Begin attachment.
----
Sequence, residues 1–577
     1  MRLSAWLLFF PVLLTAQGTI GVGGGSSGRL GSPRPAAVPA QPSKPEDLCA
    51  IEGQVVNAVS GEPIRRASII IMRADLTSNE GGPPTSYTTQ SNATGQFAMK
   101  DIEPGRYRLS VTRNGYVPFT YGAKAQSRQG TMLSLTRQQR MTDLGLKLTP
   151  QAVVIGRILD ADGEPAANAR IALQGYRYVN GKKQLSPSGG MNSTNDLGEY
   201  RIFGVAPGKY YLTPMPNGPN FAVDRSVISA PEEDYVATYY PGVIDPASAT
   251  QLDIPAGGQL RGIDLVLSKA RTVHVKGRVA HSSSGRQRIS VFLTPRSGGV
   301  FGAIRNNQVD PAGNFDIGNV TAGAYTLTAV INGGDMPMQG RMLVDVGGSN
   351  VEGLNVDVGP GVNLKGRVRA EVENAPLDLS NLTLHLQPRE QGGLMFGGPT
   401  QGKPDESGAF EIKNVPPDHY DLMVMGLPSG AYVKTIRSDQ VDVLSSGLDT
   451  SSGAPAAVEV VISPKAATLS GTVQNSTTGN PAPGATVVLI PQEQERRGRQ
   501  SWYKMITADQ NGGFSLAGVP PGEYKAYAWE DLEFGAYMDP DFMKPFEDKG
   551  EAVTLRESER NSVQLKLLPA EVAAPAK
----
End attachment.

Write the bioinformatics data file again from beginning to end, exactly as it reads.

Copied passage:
Sequence, residues 1–577
     1  MRLSAWLLFF PVLLTAQGTI GVGGGSSGRL GSPRPAAVPA QPSKPEDLCA
    51  IEGQVVNAVS GEPIRRASII IMRADLTSNE GGPPTSYTTQ SNATGQFAMK
   101  DIEPGRYRLS VTRNGYVPFT YGAKAQSRQG TMLSLTRQQR MTDLGLKLTP
   151  QAVVIGRILD ADGEPAANAR IALQGYRYVN GKKQLSPSGG MNSTNDLGEY
   201  RIFGVAPGKY YLTPMPNGPN FAVDRSVISA PEEDYVATYY PGVIDPASAT
   251  QLDIPAGGQL RGIDLVLSKA RTVHVKGRVA HSSSGRQRIS VFLTPRSGGV
   301  FGAIRNNQVD PAGNFDIGNV TAGAYTLTAV INGGDMPMQG RMLVDVGGSN
   351  VEGLNVDVGP GVNLKGRVRA EVENAPLDLS NLTLHLQPRE QGGLMFGGPT
   401  QGKPDESGAF EIKNVPPDHY DLMVMGLPSG AYVKTIRSDQ VDVLSSGLDT
   451  SSGAPAAVEV VISPKAATLS GTVQNSTTGN PAPGATVVLI PQEQERRGRQ
   501  SWYKMITADQ NGGFSLAGVP PGEYKAYAWE DLEFGAYMDP DFMKPFEDKG
   551  EAVTLRESER NSVQLKLLPA EVAAPAK